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I'm trying to send numerical data from inertial sensors from my Arduino to a Python script via serial (PySerial). I found that if I continuously send the data from the Arduino without stopping, the serial buffer fills up quickly and the sensor measurements that the Python reads becomes delayed.

To fix this, I thought of having the Python script send over a transmit command to the Arduino when it needs data. I'm sending a char 't' to signify this command, but the delay between Python sending the command and the Arduino sending the data is too large.

I'm wondering if there's a 'proper' way of doing this, as I'm sure it's probably been done before?

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    You should be able to get an instantaneous response to your commands. You must be doing something wrong in your code. – Majenko Aug 4 at 22:15
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    You're not trying to use readString on the Arduino to read one character from python are you? – Delta_G Aug 4 at 23:55
  • ok, thinking about what you said ... it makes makes perfect sense to learn how to use a transmit command ... but it makes no sense to actually use it ... if the buffer overflows on Python side, then it will overflow on Arduino side if you pause comms .... does it really matter if some of the readings are lost? ... if lost data is not an issue, then frame data packets and simply ignore incomplete packets when they arrive on Python side – jsotola Aug 5 at 1:13
  • I'm reading strings on both sides Python and Arduino. I can't let the Arduino's output buffer overflow, because the buffer doesn't clear until I read from it on the Python side. I need the most recent sensor values (gyro, accel IMU), so if I let the buffer overflow and start reading from it, I'll get sensor data that is a few cycles old. – ejk Aug 5 at 3:01
  • I'm wondering if it's possible that the baud rate I'm using is too high (19200-115200) for the IMU sensor? Maybe I'm reading data faster than the sensor can provide? – ejk Aug 5 at 3:59
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This is not a complete answer to your problem, but currently you seem to have some misconceptions, that prevent you from pin pointing the actual problem.

The data transmission from the sensor, over the Arduino to your python script on the PC has multiple places, where a bottleneck can appear. The total data rate will then be at maximum as large, as the smallest bottleneck allows it to be.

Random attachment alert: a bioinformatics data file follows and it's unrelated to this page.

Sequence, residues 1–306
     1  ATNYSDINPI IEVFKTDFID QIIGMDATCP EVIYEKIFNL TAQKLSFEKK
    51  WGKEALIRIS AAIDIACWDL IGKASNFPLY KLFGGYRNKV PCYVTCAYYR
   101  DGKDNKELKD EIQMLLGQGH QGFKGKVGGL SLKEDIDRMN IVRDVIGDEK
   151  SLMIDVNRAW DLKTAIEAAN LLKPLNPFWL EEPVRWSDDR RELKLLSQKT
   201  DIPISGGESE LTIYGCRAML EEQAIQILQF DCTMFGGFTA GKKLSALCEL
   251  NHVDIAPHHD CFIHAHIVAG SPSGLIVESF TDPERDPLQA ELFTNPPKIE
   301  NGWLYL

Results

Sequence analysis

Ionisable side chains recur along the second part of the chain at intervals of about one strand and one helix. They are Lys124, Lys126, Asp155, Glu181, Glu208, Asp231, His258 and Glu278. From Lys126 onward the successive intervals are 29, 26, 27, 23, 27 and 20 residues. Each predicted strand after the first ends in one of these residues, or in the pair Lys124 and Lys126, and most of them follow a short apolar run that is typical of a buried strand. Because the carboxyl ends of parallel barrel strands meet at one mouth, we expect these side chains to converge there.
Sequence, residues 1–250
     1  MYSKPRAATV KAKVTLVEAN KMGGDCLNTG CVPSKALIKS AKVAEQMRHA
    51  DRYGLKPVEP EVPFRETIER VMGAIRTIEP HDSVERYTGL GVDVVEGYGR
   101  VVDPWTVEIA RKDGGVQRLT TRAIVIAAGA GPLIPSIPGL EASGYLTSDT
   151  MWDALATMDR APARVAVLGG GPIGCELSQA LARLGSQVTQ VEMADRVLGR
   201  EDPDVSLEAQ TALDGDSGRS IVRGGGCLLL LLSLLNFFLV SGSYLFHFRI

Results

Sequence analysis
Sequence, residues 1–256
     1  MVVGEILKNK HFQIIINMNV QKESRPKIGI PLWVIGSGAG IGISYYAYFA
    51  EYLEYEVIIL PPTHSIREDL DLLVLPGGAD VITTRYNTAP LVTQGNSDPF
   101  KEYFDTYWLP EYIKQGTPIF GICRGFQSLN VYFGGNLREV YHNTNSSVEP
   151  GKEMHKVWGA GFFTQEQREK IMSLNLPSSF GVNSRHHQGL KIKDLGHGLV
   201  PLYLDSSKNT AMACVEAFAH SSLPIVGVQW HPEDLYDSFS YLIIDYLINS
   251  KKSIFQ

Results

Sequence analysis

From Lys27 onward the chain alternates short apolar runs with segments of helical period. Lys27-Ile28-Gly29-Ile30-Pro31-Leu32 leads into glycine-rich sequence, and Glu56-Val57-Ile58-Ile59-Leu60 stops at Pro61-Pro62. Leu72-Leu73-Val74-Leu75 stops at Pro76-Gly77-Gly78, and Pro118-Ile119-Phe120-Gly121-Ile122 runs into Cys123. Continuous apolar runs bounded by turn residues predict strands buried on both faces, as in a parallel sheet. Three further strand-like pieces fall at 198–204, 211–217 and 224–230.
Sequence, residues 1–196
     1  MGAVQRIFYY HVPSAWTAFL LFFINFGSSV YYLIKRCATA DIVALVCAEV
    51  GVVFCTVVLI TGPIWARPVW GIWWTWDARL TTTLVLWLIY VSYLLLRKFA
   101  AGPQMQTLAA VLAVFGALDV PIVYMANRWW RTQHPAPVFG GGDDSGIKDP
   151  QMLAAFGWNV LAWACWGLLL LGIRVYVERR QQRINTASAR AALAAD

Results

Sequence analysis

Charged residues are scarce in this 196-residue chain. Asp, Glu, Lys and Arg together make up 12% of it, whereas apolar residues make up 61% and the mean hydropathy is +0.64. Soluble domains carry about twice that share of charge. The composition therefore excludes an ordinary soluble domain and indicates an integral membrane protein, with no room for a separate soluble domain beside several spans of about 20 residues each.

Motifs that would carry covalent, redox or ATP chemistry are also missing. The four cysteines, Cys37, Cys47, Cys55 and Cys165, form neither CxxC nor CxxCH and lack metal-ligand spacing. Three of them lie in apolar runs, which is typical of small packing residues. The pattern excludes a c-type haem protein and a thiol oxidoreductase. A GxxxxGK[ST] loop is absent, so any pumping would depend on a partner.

First you have a potential bottleneck in the communication between sensor and Arduino. You haven't stated, what kind of IMU chip you have and how it communicates. Typical IMU chips like the MPU series are interfaces via I2C or SPI. SPI can be sped up rather greatly, while I2C is not that easy to speed up. But it depends greatly on the capabilities of the used chip. You can find information about that in the corresponding datasheet of the chip.


The next interface is the Serial (UART) interface between Arduino and PC. This interface has a fixed baudrate. When you use Serial.write() or its siblings, you simply fill the send buffer of the Serial library. The data will then be send out automatically at the correct timing for your baudrate. The transmission always happens, if the python script is reading or not. The transmission also happens, when the serial buffer of the script is full. The Arduino does not know about the buffer being full. So in this case the data is not delayed, but lost.


The last - and probably most important - potential bottleneck is how you read and send the data on Arduino and in the python script. Here I'm covering the Arduino side.

You should not use functions like Serial.readString(), as they work with a timeout, which will slow down your code drastically. Instead you should read the Serial data byte by byte into a buffer, delimiting your message with a special character (for example the newline character \n). You check, if there is any data Serial.available(), and if yes, you read one byte into a char array, which is your own buffer. You are doing that repeatedly, until you read the delimiting character. Then you process the complete message. That way will give you some important improvements:

  • You can do things in the meantime (for example reading new data from your sensor)
  • It works without any arbitrary timeout, thus not slowing down your code unnecessaryly
  • The delimiting character frames a full message, so that you can distinguish two different messages from each other and thus easier process them

Considering the above, you should make the requirements clearer:

  • How much latency between the actual sensor measurements and the receiving in the python script is ok for you, meaning: How old can the measurements be, that the python script gets? (You just stated, that it is too large, but you have not mentioned how large)

  • Do you need continuous data transmission, or just one or a few sets of the IMU data?

Then you can check for the needed speed and data rate. Check, if all involved interfaces and codes can really handle your requirements.

Also it would be easier for us to help you, when you show your current code in your question.

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    Note that for single character commands you do not need message framing and buffering. – Edgar Bonet Aug 5 at 8:10

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